Future of the civil service

Written evidence submitted by Professor Matthew Flinders (University of Sheffield), Professor Chris Skelcher (University of Birmingham), Dr. Katharine Dommett (University of Sheffield) & Dr Katherine Tonkiss (University of Birmingham) [1]

1. The ‘Shrinking the State’ Research Project submitted a first Memorandum of evidence to the Public Administration Select Committee in October 2012 as part of the initial inquiry into ‘Civil Service Reform’. This second submission should be read in conjunction with that initial submission as it seeks to develop and take forward several of the themes and issues that were raised in that document.

2. The future of the civil service is inevitably inter-twined with the future of other elements of the bureaucratic landscape. In considering the future of the civil service it is therefore vital to reflect upon the structure and role of the public sector more generally. It is possible to suggest that at the moment this broader strategic thinking is not taking place. More specifically, the civil service reform agenda and the public bodies reform agenda appear to be taking place along parallel reform pathways with little obvious consideration of the relationship between these paths.

3. The fragmentation of the reform agenda – within which civil service reform is just one element - is demonstrated in the odd constitutional position of non-ministerial departments, in the procedure for triennial reviews (applied to non-departmental public bodies but not to executive agencies or independent health bodies), and in the lack of any document that provides a comprehensive and accurate account of exactly how the state is structured, who does what and why.

4. A valuable contribution to the current reform agenda – for the internal reform architects and the external scrutineers – would be a simple ‘Diagram of Governance’ that set out the various organisations that exist. Added to this could be organisational charts that display the structural relationship between departments and the diversity of sponsor bodies they oversee.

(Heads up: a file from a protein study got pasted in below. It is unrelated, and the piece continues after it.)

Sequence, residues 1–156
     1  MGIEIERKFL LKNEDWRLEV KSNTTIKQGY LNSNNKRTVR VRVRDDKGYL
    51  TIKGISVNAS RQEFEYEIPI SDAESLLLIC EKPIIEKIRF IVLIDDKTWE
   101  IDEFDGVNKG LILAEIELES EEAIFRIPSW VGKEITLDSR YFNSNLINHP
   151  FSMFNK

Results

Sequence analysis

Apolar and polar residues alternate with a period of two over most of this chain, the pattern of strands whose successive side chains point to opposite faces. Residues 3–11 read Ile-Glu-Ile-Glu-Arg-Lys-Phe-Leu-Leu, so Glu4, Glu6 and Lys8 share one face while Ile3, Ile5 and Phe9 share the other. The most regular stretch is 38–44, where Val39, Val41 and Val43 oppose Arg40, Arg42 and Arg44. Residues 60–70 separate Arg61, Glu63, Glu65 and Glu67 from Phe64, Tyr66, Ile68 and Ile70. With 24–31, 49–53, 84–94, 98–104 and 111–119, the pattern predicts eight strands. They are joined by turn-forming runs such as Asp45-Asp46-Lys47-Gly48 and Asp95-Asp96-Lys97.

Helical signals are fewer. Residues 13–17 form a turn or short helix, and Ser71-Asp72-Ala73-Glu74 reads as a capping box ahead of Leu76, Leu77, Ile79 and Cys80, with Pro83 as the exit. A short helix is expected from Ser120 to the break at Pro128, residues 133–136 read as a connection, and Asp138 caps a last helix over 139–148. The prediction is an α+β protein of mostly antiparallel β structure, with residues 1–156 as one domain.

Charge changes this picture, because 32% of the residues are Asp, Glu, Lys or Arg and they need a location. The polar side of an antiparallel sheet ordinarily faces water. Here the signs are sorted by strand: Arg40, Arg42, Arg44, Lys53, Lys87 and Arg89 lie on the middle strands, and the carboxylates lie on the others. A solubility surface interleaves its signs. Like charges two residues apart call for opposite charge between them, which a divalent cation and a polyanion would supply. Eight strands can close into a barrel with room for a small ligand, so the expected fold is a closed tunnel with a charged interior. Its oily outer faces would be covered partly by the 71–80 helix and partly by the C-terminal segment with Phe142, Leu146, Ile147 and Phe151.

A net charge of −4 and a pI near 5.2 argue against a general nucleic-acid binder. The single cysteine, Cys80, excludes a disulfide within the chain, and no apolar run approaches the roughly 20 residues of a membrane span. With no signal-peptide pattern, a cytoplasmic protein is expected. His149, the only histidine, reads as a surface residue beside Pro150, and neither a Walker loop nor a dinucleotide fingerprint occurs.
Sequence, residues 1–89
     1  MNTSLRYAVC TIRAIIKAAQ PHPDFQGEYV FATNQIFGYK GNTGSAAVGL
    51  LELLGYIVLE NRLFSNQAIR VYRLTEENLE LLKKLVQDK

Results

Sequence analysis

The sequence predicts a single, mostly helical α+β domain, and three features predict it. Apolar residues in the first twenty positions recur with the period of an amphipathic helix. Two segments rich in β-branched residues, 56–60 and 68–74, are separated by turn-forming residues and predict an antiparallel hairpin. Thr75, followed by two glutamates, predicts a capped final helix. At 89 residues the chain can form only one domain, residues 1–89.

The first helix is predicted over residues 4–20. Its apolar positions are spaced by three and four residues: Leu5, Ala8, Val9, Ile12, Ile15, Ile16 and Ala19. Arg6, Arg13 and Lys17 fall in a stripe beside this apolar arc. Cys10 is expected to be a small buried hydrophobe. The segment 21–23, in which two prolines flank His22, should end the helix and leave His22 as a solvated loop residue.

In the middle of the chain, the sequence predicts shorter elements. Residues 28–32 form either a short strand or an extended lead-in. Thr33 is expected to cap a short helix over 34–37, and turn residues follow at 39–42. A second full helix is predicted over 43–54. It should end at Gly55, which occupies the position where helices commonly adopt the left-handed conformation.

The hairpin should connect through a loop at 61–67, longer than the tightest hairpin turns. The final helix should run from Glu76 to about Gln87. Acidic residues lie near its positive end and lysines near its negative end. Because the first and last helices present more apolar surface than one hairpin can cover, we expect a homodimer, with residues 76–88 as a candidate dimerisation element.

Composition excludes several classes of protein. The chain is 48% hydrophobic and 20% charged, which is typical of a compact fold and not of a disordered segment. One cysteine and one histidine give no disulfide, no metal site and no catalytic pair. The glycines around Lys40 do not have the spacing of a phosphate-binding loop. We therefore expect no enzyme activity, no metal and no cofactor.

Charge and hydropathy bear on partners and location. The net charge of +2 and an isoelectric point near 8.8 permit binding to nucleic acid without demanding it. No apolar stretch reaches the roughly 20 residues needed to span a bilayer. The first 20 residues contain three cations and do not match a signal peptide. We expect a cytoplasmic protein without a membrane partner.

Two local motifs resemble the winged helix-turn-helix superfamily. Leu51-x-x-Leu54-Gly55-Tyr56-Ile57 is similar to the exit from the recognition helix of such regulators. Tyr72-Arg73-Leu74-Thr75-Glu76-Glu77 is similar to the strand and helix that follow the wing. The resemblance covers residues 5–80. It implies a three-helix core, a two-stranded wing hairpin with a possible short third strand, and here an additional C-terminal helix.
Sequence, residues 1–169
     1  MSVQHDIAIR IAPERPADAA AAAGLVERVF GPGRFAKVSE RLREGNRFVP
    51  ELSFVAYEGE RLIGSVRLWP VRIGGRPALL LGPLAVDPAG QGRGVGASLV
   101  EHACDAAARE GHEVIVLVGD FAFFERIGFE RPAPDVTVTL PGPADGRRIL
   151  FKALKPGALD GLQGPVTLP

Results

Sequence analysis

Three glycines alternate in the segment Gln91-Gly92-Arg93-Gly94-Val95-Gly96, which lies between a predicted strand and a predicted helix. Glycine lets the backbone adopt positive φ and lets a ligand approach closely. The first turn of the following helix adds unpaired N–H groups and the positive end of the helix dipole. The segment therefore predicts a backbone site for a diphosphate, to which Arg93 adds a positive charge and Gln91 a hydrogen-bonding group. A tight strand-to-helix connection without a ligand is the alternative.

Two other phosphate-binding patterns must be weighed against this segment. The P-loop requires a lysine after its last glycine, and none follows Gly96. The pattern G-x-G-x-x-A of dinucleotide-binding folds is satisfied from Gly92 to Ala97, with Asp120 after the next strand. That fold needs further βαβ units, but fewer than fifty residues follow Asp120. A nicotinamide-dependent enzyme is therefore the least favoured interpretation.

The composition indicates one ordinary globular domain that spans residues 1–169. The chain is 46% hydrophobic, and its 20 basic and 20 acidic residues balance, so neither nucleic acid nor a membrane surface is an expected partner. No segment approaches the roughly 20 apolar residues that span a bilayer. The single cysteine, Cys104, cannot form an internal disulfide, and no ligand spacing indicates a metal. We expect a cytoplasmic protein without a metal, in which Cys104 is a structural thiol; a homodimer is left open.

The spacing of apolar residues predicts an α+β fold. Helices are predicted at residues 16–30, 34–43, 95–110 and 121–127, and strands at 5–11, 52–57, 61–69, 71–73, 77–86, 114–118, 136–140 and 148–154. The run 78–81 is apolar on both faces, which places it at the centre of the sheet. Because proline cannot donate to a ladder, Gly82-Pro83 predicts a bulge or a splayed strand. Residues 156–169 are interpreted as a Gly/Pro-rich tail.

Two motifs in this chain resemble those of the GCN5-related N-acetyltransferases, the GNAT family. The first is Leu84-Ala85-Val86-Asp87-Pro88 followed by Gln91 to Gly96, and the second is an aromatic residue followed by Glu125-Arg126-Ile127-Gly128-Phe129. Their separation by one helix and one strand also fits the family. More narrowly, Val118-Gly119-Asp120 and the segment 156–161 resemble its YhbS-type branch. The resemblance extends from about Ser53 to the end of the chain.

5. These charts would reveal the ‘hidden wiring’ of the British bureaucracy and would go some way to increasing levels of public understanding and transparency. Given the large number of official inquiries and parliamentary reports that have attempted to ‘map the quango state’ there is also reason to believe that the publication of ‘landscape reviews’ or ‘end-to-end’ reviews would also be of great value to civil servants and ministers. They would also add value in allowing the government to work strategically across government.

6. The interface between public bodies and the civil service generally takes place through the work of ‘sponsor teams’ or ‘Fraser figures’. Previous research – within and beyond the civil service – have identified problem with the training and support given to members of departmental sponsorship teams. The creation of a cross-Whitehall Sponsorship Network in 2010 was therefore widely welcomed as a positive step towards providing greater professional peer support and training. As of February 2013 the current role and future of the Sponsorship Network appears unclear.

7. One of the central dilemmas for the future of the civil service relates to staff turnover. The current ‘Methodist minister’ model of three-year postings creates serious challenges in terms of clear accountability, institutional memory, talent management and commitment to change. Officials very rarely see one project from initiation to completion and this creates problems for those seeking to support the project from beyond the civil service. A focus on project-completion, alongside very clear personal accountability, would be a very welcome addition to personnel management plans. The departure of permanent secretaries from the civil service is therefore an issue for those concerned with the levels of staff turnover and churn but the more fundamental issue concerns intra-civil service churn and turnover.

8. The role of ministers in the appointment of permanent secretaries is not a new issue but does relate to current concerns about strategic capacity and the future of the civil service. Ministers already play a role in the selection and appointment of permanent secretaries but this is generally undertaken through informal procedures. If this is currently the case we see no reason why ministers should not be given a limited but transparent role in selecting from a short-list of candidates that had been drawn-up by the Civil Service Commission. This would not amount to the politicisation of the civil service as candidates would have been selected through an independent and merit-based appointments procedure.


[1] We would like to acknowledge the financial support of the ESRC research award ES/J010553/1.

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Prepared 8th March 2013